Faraday Future Struggles With Funding, Plans to Enter China
During his recent visit to Beijing, Carsten Breitfeld, the freshly appointed CEO of the troubled EV-maker Faraday Future (FF), told the Chinese news outlet Auto Daily that in the four months since he took over the reins of the company, his core work has been around finding talent, attracting financing and developing their products.
Among his recent star hires are Bob Kruse from General Motors and Benedikt Hartman from BMW, who joined as senior vice president of product execution (engineering and manufacturing) and senior vice president of global supply chain organizations respectively.
Breitfeld complained that the only thing missing from the equation was funding. He noted that investors are hesitant and concerned about engaging with his company. “They are not sure if FF has sufficient execution capabilities. I will lead by example and attract more talent to join. There is also the issue of President Jia’s personal debt. I expect to see results by the end of January,“ he told journalists, adding that Jia Yueting’s negative impact on FF is gradually shrinking.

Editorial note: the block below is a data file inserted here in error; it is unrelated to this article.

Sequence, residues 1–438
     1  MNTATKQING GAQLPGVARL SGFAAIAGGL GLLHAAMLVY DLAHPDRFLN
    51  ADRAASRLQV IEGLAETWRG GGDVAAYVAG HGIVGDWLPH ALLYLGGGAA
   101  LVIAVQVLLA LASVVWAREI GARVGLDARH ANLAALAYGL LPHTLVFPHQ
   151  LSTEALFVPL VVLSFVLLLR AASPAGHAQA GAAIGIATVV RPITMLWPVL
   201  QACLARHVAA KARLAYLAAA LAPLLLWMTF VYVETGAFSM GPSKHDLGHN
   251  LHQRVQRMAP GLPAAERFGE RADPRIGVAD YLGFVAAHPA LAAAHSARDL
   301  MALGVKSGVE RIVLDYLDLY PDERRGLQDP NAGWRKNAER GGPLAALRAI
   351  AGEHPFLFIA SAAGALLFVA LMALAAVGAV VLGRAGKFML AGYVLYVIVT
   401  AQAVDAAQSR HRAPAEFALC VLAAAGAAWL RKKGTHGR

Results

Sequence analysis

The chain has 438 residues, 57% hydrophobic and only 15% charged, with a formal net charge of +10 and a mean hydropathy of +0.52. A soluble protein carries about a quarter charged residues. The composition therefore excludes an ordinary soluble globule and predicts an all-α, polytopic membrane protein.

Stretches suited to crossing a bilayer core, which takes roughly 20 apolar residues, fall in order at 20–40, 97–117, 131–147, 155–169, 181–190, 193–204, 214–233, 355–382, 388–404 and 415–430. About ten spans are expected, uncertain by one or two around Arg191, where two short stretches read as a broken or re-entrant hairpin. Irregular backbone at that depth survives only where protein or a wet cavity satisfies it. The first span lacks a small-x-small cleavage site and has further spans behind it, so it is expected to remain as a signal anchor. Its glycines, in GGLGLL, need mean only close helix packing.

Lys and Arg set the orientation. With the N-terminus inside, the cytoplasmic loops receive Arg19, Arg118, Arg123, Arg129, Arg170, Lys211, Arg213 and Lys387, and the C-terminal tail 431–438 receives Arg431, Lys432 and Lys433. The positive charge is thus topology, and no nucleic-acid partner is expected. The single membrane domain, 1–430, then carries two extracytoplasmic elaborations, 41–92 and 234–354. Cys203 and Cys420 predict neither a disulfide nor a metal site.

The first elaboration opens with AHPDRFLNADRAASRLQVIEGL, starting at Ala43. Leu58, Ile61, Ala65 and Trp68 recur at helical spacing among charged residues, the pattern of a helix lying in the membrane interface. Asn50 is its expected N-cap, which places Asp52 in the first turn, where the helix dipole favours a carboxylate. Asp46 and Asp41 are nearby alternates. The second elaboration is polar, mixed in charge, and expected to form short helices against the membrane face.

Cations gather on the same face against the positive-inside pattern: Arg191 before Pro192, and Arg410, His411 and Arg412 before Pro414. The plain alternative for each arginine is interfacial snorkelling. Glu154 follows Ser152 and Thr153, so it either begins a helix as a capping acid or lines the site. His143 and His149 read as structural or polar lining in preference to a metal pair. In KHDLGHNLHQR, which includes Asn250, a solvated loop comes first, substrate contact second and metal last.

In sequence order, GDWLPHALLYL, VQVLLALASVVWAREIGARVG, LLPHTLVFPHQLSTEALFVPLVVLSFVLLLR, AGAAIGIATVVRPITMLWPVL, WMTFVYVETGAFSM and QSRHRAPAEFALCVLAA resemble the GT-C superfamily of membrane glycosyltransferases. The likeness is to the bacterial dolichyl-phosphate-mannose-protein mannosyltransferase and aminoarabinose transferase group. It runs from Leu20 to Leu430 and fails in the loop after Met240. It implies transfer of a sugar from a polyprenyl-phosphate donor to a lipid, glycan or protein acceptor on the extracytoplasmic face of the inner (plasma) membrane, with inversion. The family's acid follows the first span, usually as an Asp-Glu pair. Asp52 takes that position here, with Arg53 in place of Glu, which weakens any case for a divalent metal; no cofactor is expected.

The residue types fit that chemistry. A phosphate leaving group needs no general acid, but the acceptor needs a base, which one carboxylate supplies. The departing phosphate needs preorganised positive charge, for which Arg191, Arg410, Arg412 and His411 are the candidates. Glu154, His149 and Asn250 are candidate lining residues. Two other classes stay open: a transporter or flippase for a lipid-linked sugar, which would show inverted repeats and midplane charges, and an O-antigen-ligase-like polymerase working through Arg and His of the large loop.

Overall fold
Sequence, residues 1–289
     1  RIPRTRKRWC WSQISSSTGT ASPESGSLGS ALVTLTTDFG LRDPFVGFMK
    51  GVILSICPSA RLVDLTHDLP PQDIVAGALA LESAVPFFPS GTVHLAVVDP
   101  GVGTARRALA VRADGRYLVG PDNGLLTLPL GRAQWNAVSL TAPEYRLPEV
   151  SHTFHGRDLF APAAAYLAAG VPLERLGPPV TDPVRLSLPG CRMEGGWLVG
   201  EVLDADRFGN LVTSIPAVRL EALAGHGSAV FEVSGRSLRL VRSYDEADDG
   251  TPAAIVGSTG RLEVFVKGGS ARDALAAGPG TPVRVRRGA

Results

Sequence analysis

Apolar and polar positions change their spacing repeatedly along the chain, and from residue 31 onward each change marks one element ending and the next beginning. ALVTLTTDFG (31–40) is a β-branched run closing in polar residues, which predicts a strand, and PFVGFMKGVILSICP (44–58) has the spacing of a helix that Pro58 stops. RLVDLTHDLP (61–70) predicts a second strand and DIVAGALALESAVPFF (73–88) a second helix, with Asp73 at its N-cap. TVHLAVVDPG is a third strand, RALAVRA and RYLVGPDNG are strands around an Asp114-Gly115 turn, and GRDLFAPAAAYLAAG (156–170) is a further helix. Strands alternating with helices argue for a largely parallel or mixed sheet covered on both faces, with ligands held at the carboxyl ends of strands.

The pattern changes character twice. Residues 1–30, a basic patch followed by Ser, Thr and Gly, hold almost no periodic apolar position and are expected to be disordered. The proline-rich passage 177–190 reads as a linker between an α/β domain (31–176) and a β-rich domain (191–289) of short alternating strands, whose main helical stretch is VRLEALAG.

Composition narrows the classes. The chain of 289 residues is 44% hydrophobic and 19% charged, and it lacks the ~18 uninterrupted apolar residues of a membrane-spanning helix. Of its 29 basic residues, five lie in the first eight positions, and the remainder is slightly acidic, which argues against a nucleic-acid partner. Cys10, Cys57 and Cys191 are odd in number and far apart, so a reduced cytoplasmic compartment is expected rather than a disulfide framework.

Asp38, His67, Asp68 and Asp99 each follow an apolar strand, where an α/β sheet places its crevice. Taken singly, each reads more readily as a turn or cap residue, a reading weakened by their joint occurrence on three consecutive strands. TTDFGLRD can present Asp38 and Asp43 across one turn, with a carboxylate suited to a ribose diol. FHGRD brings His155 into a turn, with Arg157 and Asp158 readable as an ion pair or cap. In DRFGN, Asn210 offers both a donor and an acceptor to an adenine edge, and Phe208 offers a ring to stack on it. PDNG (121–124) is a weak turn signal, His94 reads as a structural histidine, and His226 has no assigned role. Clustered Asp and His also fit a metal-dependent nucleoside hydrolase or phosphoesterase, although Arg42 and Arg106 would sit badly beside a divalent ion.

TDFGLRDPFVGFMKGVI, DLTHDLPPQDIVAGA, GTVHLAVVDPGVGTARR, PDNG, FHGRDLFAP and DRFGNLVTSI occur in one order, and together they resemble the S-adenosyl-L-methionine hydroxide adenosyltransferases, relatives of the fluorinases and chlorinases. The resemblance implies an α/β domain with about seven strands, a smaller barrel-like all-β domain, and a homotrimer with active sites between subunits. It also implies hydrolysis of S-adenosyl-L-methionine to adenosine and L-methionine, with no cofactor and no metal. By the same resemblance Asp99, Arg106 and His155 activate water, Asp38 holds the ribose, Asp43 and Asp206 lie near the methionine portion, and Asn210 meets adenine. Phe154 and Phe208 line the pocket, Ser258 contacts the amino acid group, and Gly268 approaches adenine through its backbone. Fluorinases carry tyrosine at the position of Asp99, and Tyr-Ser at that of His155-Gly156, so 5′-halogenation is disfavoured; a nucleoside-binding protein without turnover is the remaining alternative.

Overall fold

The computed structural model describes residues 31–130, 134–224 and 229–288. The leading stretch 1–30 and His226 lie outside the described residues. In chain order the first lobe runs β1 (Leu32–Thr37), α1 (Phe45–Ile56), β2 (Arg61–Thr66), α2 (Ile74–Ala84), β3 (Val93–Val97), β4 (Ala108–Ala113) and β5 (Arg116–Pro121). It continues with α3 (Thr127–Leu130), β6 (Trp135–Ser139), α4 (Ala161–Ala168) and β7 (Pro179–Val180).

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On the product side, FF is undergoing further optimization in terms of costs, according to Breitfeld. “Now we have plans to make the FF91 available by September 2020,” he stated.
The company plans to start delivering their FF91 flagship vehicle within about 9 months after the successful completion of equity financing, and start their IPO planning within 15 months after the funds become available. According to the latest estimates, FF still needs $850 million to achieve mass production in the US.
Additionally, Breitfeld has already launched plans to enter China. He revealed that the purpose of his visit to Beijing was to find potential partners in China and establish joint ventures.